When you think of art, you might think of the strokes of paint brushes on a canvas, designing intricate patterns on a piece of paper, or photography.
The first thought that comes to your mind might not be embroidery when it comes to art.
However, art is all around us; the pattern of your wallpaper is art, the curtains and each intricate design is art, and the words you read in a storybook are all forms of art.
Similarly, the patterns stitched onto your shirt or jeans are their form of art, especially if they’re handmade.
Anything that has human work done behind the scenes is called art, and embroidery has a lot of work put into it.
You might not put much consideration into the clothing you buy when you go to a store, but each one may have been handmade by a person with time and effort put into it. This is the beauty of embroidery.
Say you’re interested in sewing, you might be attending a sewing class, or you want to modify your clothes and see how your own hands can design creative patterns.
This is the place for you if you’re at that stage of your sewing where you want to learn how to embroider your clothes but don’t know where to start.
How can you start embroidering?
It should be easy enough to assume you have your everyday Singer sewing machine or a manual wheel one.
You’ll need to set up your top thread on the sewing machine and a lower one through the bobbin in your sewing machine.
Grab the article of fabric you want to embroider in, and you can get started.
However, if this is your first attempt, it’s recommended to practice on a throw-away piece of cloth first to leave room for mistakes!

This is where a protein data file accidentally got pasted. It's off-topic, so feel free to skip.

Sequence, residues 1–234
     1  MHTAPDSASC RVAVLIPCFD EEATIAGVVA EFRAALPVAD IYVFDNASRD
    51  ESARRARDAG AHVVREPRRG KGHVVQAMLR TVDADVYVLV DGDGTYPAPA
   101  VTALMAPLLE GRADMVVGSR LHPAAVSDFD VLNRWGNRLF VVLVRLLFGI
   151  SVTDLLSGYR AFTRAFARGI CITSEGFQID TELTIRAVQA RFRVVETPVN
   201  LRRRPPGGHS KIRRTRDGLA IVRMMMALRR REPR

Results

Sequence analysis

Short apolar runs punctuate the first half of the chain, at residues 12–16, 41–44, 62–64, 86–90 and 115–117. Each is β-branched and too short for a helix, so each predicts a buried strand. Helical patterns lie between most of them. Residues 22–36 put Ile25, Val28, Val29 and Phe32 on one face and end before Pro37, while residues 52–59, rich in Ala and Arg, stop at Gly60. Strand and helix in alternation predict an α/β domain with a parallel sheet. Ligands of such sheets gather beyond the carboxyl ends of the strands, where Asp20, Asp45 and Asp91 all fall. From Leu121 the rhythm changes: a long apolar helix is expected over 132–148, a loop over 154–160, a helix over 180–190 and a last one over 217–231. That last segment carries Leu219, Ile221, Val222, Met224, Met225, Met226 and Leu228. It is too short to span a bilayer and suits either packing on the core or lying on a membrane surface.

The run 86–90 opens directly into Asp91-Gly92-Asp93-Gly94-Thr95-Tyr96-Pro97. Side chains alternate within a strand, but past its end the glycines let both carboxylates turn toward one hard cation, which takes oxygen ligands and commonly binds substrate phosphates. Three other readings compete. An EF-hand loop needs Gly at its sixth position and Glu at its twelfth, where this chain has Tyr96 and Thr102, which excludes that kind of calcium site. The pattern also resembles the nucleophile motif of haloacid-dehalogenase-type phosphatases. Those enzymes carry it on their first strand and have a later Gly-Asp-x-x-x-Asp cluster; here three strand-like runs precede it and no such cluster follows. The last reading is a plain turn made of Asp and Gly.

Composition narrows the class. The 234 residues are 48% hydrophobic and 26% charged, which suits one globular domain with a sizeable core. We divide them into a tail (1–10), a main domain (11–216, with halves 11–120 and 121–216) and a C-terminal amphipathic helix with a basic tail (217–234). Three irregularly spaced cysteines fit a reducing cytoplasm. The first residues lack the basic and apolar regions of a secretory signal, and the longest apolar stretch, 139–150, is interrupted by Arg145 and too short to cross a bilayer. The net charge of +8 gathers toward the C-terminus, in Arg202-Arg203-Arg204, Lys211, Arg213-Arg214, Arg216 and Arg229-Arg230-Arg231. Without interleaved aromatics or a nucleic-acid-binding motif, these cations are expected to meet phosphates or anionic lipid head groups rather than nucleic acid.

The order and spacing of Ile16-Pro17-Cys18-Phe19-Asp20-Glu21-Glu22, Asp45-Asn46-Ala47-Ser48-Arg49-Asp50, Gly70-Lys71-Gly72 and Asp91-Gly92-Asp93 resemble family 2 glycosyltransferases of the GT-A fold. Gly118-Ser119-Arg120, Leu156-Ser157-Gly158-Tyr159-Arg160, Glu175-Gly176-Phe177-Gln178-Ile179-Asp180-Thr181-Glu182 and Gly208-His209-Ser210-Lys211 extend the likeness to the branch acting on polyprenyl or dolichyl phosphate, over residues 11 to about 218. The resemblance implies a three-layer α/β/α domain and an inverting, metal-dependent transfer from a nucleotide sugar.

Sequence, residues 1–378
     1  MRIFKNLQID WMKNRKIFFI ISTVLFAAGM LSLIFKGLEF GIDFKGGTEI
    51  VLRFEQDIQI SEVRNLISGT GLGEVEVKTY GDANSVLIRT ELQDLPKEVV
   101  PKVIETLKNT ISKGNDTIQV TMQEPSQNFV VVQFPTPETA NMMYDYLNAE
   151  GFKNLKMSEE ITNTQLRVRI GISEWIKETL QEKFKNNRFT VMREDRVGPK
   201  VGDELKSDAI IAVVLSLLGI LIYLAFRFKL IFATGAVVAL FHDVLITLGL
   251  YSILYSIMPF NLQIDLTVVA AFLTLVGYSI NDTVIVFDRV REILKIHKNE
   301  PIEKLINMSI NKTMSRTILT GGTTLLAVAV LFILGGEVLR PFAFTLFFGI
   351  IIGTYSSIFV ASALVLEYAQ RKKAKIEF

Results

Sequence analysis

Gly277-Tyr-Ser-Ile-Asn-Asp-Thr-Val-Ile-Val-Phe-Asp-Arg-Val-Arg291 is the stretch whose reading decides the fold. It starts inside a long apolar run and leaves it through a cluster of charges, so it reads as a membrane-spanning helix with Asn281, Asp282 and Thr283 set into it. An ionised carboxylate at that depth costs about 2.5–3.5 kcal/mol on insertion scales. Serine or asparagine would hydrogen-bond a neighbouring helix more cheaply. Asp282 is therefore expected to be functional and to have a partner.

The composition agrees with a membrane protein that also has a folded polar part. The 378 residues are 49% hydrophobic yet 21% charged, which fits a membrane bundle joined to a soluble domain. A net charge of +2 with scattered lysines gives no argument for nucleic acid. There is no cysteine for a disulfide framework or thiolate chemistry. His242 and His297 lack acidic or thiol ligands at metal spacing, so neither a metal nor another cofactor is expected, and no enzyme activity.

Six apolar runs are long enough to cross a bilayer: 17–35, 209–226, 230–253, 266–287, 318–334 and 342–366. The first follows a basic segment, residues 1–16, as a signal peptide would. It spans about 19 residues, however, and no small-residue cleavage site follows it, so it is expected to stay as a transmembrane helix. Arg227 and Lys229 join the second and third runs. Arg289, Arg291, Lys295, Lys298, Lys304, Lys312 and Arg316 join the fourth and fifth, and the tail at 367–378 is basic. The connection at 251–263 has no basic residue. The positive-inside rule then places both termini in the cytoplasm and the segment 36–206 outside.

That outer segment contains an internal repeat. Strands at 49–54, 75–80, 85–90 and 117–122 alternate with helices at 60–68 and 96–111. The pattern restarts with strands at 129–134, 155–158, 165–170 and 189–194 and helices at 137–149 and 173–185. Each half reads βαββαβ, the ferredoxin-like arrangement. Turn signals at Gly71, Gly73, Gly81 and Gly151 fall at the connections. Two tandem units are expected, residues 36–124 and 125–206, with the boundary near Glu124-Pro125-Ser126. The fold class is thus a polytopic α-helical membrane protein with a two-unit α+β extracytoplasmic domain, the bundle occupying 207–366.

You’ll need to use some of your creative thinking to create the perfect design for your cloth.
It’s best to start with your name because it’s the word you’re most familiar with, but it can be anything.
How can you put the guideline pattern onto your fabric?
Using any fabric pen or friction pen that can be removed with water or heat can be most effective in creating your guidelines for the lettering.
Of course, if these are your first attempts, it would be unwise to freestyle your way through, so a non-permanent guideline is a way to go.
You can write your word onto the cloth and use it as a guide.
Another way to create a guideline is using acid-free tissue paper.
After cutting out a sizeable bit of it, you can write your word on the paper and pin it to your cloth.
This can also act as a suitable guide as the paper can be ripped out from underneath your thread when you’re done, leaving a clean slate.
It’s good to keep your font and pen thick, so it’s easier to embroider over them rather than through tiny slanted writing. Make sure to keep your letters spaced as well.
Setting up your sewing machine
After placing the top and bottom thread into your sewing machine, carefully maneuver your fabric beneath the foot of your sewing machine under the needle.
Guide your threads through the fabric directly over your letter guidelines.
Make sure to keep the tail of your thread out of the way to avoid disorientation.
After setting up the threads and sewing machine, ensure your needle is placed directly over your letters.
The foot of your sewing machine can help keep your needle running in a proper line the same as usual.
Guiding your thread on the right path
Just as you would while sewing two fabrics together, keep one hand carefully on the fabric and the other on your wheel to align your needle along with the guidelines well.
When you bring your needle down, move your fabric accordingly to guide your needle along on top of each letter.
You can vary the thickness of your letters by sewing back and forth along the guideline to fill every space with your thread.
If all goes well, your needle should bring the thread down each place you guide it down to, over your beautiful pattern, and embroider it onto your fabric.
Make sure to cut the thread when separating your words or letters to avoid messy scribbling.
Remove the guidelines
If you used tissue or paper as your guideline, simply unpin it and gently rip it through your embroidery.
It should come off easily past the rips made with the needle through your guideline lettering.
If you used a pen to draw your pattern or name, it should come off easily. depending on the type of fabric pen you used, with water or heat or air drying.